Tarantino revealed the best character he’s ever written and discussed retiring after 10 movies.

Quentin Tarantino Jerusalem Film Festival

Hollywood icon Quentin Tarantino regaled a sold-out crowd at Jerusalem Cinematheque on Friday with tales from his directing career and his enduring love for cinema.

The famously loquacious film-maker spoke with enthusiasm and energy about his craft, comparing his method to that of a 13-year-old child imagining writing an episode of his favourite TV series.

“If you’re a kid, you don’t know any of the rules and regulations, you just want to make the greatest Star Trek episode ever, a wild, crazy version of it — that actually sounds fucking exciting,” said the director, whose nine features include debut Reservoir Dogs, Django Unchained and The Hateful Eight. “My take on genre is not dissimilar; I want to deliver the pleasures that are there but I want to do it my way.”

Tarantino was speaking before a screening of his second feature, 1994’s Pulp Fiction, which was shown on a 35mm print flown in from the director’s personal archive. He is attending the festival this year as a guest of honour. At Thursday’s opening ceremony, he was presented with a lifetime achievement award by festival director Noa Regev and Jerusalem mayor Nir Barkat.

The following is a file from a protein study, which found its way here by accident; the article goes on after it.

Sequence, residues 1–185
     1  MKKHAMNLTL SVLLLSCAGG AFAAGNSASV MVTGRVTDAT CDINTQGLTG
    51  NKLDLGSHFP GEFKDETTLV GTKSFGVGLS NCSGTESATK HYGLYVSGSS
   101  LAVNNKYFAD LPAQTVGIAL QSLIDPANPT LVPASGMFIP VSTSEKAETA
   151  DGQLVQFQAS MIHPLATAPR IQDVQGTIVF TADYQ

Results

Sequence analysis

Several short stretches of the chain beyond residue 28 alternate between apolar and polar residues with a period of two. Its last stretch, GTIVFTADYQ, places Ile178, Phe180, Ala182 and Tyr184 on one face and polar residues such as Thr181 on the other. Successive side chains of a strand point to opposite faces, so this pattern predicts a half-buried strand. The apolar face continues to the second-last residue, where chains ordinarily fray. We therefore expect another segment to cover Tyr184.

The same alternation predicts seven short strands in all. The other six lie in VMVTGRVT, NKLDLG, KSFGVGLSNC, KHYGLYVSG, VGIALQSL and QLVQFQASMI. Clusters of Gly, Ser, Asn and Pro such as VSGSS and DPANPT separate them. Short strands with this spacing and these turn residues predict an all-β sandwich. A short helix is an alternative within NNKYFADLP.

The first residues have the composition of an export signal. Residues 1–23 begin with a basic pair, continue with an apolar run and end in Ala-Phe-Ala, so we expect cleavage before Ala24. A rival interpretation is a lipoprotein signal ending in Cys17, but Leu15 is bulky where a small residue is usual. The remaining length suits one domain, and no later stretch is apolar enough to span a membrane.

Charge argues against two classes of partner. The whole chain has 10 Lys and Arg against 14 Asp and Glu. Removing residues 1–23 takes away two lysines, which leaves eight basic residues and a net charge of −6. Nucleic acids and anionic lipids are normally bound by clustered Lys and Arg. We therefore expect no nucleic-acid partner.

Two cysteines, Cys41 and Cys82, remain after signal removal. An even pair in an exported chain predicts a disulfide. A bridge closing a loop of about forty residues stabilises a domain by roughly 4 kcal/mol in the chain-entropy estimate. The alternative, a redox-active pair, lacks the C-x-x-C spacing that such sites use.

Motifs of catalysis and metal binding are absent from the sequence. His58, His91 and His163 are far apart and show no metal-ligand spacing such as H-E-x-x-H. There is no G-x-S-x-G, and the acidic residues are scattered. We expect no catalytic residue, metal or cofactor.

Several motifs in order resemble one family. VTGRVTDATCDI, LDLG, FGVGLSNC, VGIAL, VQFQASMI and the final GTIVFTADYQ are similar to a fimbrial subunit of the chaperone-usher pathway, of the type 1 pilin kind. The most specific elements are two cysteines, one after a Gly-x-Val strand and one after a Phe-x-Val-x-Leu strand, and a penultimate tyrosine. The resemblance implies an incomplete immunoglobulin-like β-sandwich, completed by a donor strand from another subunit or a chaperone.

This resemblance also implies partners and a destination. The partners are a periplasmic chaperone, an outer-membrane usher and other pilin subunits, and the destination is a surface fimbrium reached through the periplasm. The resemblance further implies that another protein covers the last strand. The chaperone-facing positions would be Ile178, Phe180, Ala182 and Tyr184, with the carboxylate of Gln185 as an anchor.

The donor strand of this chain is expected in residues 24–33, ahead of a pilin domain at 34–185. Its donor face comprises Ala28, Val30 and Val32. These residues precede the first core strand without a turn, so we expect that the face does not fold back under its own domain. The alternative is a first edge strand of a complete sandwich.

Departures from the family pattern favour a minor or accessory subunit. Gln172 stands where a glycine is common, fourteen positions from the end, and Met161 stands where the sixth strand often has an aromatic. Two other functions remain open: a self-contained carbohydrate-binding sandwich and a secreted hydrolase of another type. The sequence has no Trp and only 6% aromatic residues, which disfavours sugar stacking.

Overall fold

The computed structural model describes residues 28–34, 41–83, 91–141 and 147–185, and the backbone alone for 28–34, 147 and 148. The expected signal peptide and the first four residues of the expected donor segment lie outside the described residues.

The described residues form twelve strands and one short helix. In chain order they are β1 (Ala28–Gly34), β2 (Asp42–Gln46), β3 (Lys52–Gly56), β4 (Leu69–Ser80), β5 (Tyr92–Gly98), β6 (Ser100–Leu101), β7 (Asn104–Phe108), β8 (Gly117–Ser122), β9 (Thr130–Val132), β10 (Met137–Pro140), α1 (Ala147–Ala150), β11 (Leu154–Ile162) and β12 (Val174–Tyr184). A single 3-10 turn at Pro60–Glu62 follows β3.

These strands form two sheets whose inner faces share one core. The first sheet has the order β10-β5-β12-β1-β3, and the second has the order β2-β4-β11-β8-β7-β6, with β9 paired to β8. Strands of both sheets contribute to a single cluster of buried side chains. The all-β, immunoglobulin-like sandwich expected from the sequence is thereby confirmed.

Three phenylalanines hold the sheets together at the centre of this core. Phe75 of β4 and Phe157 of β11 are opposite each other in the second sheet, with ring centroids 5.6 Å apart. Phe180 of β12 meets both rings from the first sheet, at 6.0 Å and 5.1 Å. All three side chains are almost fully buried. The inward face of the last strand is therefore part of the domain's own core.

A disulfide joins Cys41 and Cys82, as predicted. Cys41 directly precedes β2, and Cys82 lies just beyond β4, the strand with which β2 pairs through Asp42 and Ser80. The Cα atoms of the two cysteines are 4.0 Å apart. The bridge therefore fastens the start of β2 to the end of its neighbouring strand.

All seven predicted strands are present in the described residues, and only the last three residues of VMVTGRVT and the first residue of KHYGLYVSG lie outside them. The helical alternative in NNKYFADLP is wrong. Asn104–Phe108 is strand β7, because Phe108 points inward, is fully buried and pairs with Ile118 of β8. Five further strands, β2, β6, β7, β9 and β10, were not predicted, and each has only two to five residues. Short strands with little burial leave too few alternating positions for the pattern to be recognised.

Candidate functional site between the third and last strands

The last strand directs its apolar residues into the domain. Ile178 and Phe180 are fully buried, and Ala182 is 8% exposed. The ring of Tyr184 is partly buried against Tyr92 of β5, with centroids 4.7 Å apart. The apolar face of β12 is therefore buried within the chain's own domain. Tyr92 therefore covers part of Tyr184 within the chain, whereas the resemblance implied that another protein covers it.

On working with frequently starry ensemble casts, Tarantino described the respectful relationship he has with his actors.

“When I have direction, I walk over to them and talk about it, it’s very intimate,” he noted. “I don’t scream at them across the set.”

However, he does have one golden rule: learn your lines. “You have to know my dialogue backwards and forwards,” he said. “Anything else and I could fire you and start again because you’re just disrespecting me. I am paying them to say my dialogue. That is their job. I like my actors, but I love my characters.”

He described moments when his cast almost transform into his characters: “I’m looking for that take where an actor just kicks into something — actors describe it as flying, they’re not them anymore, it’s the reason they become actors.” Christoph Waltz’s performance as sinister colonel Hans Landa in Second World War action thriller Inglourious Basterds achieved that level of lucidity, Tarantino believes. 

“Landa is the best character I’ve ever written and maybe the best I ever will write,” he said. “I didn’t realise [when I was first writing him] that he was a linguistic genius. He’s probably one of the only Nazis in history who could speak perfect Yiddish.”

Tarantino revealed that after an unfruitful auditioning process for the role, he almost shelved the entire film: “I was getting worried. Unless I found the perfect Landa, I was going to pull the movie. I gave myself one more week and then I was going to pull the plug. Then Christoph Waltz came in and it was obvious that he was the guy; he could do everything. He was amazing, he gave us our movie back.”

The director also reconfirmed prior proclamations that he will retire from film-making after his tenth feature, meaning he has two more to go following The Hateful Eight (Tarantino counts Kill Bill: Vol 1 and 2 as a single film). But nor does he rule out returning to the medium later in life: “I am planning to stop at 10 [films], but at 75 I might decide I have another story to do.”